• Meanwhile, I zested the peel of five medium-sized Valencia oranges (fresh-picked, without the nasty wax coating you get in the grocery store), resulting in 1.35 oz. (wet) of peel. I was very careful not to go down to the white part of the peel, which is too bitter. Then, I peeled and sliced up three of the oranges (the remainder went to make fresh juice - delicious!). I put those oranges and orange peel in a hop sack and placed them in a saucepan with 1/2 gallon of water. I heated this to just boiling, and turned off the heat to let it soak (~45 minutes).
  • Once the wort mixture came to a boil again, I added 1 oz. of the Liberty hops. After 55 total minutes of boil, I added another ounce of Liberty hops. After 60 minutes, I chilled the wort.
  • The Irish moss was added after 45 minutes of boiling.
  • I poured the wort into the primary fermenter and added the hot mixture of orangey water, slices, and peel. I topped the fermenter up with cold water to 5 gallons, and pitched the yeast. The temperature was 78°, and starting gravity was 1.046 (adjusted for temperature).
  • I plan to let this ferment in the primary for 10 days before bottling.

Sunday, February 3, 2013

Rainy Day IPA 1.2 bottled

After nearly three weeks of dry hopping in the secondary fermenter, it was time to bottle my Rainy Day IPA (version 1.2). So, yesterday I added 3/4 cup of priming sugar (boiled in 2 cups of water) and did the bottling thing.

The end yield was 3 22-oz. bottles, 13 18-oz. bottles, and 18 12-oz bottles (a little over 4 gallons of beer total). At time of bottling there was a great hop aroma, and the flavor is clean, smooth, and hoppy. The beer has a great dark copper color (maybe I'll lighten it up a bit for the next version?). We'll see how a few weeks of bottling condition play with it. . .because I used hop pellets, there was a fair bit of loose hop sediment. Most of it ended up on the bottom of the carboy, but there was still a little in suspension.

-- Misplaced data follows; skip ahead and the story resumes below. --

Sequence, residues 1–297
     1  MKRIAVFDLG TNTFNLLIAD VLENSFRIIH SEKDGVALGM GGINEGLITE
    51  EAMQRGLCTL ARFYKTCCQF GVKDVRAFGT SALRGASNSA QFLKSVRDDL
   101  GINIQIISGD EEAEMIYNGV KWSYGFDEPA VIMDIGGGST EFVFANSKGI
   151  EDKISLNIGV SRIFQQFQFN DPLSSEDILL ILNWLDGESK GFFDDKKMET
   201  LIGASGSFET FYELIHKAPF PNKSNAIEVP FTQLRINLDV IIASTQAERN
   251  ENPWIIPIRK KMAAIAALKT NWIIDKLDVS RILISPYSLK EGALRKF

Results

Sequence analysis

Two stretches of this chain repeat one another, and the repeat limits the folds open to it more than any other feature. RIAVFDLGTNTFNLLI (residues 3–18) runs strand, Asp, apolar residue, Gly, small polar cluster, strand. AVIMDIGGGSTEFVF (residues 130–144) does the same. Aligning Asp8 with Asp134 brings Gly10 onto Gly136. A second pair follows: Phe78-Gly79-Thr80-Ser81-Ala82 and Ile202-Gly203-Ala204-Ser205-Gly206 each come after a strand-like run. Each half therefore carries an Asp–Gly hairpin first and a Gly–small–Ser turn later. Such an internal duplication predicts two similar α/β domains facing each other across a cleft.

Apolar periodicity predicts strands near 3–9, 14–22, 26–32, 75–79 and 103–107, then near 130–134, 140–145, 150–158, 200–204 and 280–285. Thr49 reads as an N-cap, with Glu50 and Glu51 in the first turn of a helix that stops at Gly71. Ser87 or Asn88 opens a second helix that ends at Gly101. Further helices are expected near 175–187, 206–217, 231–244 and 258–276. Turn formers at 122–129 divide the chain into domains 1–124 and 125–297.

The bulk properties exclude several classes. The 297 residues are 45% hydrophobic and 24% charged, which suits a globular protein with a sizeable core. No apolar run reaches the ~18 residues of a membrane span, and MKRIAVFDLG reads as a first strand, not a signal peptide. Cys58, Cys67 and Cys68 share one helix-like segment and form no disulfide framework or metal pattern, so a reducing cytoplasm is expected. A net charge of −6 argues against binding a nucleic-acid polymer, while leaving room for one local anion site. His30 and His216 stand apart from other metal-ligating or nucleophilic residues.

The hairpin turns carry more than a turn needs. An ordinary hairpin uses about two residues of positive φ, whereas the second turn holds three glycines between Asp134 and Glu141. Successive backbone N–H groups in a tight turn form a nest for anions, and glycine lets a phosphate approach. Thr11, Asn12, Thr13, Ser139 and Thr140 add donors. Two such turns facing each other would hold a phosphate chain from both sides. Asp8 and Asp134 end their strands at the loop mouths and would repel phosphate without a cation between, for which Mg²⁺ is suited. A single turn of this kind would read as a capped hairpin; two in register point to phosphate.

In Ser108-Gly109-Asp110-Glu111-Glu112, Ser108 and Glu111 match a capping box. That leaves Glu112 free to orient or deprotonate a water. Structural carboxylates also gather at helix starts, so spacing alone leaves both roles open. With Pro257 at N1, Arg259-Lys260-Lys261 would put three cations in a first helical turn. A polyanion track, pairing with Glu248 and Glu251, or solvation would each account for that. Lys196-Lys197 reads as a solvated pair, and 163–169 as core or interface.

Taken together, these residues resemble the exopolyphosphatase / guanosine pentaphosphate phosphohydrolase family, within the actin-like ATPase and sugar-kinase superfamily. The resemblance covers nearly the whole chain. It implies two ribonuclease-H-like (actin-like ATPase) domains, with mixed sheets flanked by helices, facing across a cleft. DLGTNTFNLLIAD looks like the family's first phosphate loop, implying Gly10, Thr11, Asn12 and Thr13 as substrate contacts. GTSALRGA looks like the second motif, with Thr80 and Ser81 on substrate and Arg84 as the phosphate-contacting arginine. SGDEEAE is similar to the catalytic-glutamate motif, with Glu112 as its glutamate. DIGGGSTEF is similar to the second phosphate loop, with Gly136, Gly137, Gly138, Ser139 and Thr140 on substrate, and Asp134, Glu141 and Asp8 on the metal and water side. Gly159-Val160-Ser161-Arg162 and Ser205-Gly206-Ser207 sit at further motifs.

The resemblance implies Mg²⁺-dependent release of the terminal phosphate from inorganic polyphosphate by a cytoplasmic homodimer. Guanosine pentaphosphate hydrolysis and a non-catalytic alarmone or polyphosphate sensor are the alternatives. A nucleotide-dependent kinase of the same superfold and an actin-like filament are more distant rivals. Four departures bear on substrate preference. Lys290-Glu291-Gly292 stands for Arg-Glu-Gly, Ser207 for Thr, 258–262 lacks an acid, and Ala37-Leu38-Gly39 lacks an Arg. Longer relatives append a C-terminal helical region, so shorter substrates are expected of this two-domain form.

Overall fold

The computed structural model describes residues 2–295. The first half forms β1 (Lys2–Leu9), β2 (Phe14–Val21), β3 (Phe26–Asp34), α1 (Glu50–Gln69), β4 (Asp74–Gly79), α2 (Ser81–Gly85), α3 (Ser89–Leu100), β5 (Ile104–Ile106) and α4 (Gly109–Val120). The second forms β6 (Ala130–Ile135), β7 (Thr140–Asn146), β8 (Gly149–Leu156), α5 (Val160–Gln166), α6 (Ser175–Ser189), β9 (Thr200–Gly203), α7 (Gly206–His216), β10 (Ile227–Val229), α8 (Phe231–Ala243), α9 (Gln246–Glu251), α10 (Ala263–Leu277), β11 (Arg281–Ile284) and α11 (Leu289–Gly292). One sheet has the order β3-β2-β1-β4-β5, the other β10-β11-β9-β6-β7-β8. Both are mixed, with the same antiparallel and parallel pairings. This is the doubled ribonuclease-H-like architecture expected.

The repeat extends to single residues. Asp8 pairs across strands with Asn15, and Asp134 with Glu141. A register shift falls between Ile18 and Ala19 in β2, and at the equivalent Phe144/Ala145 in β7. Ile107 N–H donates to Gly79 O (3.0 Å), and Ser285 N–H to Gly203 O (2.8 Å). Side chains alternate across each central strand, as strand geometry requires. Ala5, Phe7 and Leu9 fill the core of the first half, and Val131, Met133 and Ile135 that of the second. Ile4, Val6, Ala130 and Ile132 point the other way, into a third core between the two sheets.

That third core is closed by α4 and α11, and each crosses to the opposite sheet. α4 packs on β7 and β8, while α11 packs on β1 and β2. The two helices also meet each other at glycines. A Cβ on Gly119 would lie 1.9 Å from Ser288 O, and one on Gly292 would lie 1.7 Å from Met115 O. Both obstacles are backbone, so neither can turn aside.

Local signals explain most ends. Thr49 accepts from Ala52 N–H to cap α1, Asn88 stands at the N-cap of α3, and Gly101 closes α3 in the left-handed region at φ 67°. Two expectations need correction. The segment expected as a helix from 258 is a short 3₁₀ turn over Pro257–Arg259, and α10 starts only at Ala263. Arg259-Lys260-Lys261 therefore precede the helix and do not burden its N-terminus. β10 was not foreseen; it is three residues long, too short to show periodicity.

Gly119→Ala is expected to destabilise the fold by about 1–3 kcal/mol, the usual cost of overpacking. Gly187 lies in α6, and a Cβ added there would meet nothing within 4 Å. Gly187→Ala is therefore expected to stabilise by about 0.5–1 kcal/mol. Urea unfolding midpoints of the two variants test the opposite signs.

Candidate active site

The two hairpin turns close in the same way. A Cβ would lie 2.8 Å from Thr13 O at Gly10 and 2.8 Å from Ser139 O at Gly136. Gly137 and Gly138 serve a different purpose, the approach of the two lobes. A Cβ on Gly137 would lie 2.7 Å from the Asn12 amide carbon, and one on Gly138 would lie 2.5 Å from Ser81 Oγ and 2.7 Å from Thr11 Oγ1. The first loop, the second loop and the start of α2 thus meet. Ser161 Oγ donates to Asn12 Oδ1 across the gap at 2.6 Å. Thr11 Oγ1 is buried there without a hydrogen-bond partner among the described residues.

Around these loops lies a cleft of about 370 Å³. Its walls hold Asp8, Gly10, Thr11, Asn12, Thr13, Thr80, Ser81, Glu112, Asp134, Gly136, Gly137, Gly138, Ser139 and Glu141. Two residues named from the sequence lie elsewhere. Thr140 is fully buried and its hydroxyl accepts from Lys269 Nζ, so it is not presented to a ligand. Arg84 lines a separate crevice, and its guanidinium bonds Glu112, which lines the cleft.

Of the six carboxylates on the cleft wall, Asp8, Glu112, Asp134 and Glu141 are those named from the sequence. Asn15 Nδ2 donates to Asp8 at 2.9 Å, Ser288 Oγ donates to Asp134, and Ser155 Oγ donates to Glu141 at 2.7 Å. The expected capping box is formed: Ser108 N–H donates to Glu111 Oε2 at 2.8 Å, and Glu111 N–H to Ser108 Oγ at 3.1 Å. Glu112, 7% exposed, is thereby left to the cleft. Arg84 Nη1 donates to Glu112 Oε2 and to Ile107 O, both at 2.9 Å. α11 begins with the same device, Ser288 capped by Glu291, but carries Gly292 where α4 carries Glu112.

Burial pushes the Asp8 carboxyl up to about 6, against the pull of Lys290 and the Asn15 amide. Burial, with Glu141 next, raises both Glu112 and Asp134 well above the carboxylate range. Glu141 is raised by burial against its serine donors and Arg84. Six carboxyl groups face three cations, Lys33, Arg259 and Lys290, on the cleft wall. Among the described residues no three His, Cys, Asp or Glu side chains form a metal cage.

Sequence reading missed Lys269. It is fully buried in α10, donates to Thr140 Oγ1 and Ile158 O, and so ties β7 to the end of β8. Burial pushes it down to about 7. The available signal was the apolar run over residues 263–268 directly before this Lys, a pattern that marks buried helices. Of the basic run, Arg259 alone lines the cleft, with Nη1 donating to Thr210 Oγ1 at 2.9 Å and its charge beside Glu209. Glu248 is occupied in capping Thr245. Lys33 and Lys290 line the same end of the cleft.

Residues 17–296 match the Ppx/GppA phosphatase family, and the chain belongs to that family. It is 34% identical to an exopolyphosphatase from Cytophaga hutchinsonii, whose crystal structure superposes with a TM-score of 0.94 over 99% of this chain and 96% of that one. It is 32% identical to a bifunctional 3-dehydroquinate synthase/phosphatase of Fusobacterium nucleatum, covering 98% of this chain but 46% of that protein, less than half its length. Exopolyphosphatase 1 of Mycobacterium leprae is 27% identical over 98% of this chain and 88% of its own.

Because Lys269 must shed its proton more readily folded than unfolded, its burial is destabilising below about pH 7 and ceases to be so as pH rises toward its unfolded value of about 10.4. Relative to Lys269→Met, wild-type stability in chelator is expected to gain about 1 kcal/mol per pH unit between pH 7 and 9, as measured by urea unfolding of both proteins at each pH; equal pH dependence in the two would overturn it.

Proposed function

Final gravity was same as before, 1.012 at 70° F, down from 1.060. Thus, the estimated a.b.v. is 6.4%.

Saturday, January 26, 2013

Mt. Baldy Bitter Bottled

After a week, the s.g. for the Mt. Baldy Bitter was 1.007 at 60° (corrected from 1.006 at 70°), down from 1.035. This works out to 3.7% abv, right about at my estimated target of 3.6% (and well within expected measurement error, I presume).

I added 3/4 cup of priming sugar boiled in 2 cups of water, and then bottled. It worked out to 41 12-oz. bottles and 4 22-oz. bottles. Now they're carbonating and bottle conditioning; I expect to try the first next weekend. The overall flavor in the uncarbonated beer is light and slightly bitter, but so far I don't get the sense of a lot of "body" in this one. That well may change after some conditioning; if it doesn't, I'll probably add some carapils or a similar grain in the next iteration.

45 bottles of Mt. Baldy Bitter

Saturday, January 19, 2013

Mt. Baldy Bitter

In an effort to try out some new styles, particularly those on the simple end, I elected to try an English-style bitter. The grain and malt bill is simple, hops are straight-forward, and it should all be ready to bottle in a week. This recipe is called "Mt. Baldy Bitter," in honor of one of the 10,000+ ft snow-capped peaks visible from my neighborhood.

Mt. Baldy Bitter
  • 8 oz. biscuit malt
  • 8 oz. 10° crystal malt
  • 3 lbs. light dry malt extract
  • 1 lb. amber dry malt extract
  • 2 oz. Fuggles hops (4.20%)
  • 1 pkg. Danstar Nottingham yeast
  • 1/2 tsp. Irish moss
  • Heat 3 gallons of water to 158°, steep biscuit and crystal malt at this temperature for 60 minutes. Sparge with 2/3 gallon of water at roughly the same temperature.
  • Heat mixture to boil, turn off heat. Add dry malt. Return to boil, add hops.
  • Boil for 60 minutes total. Add Irish moss for the final 15 minutes of boil.
  • Cool using coiling coil, decant into fermentation bucket. Top up with water to reach just a shade under 5 gallons. Add yeast.
  • Starting gravity was 1.035 at 60° (calibrated from 1.034 at 70°).

The calculations in BeerSmith 2 estimated a starting gravity of 1.036, bitterness of 27.9 IBU, color of 7.1 SRM, and 3.6% a.b.v. The starting gravity is just a touch short, but not by much. Another BeerSmith success!

I plan to let this ferment for one week, and then bottle with 2/3 cup corn sugar. As a good English-style ale, I'm going to let it bottle condition. Conveniently, both of my carboys are in use, so it's a good time to bottle directly!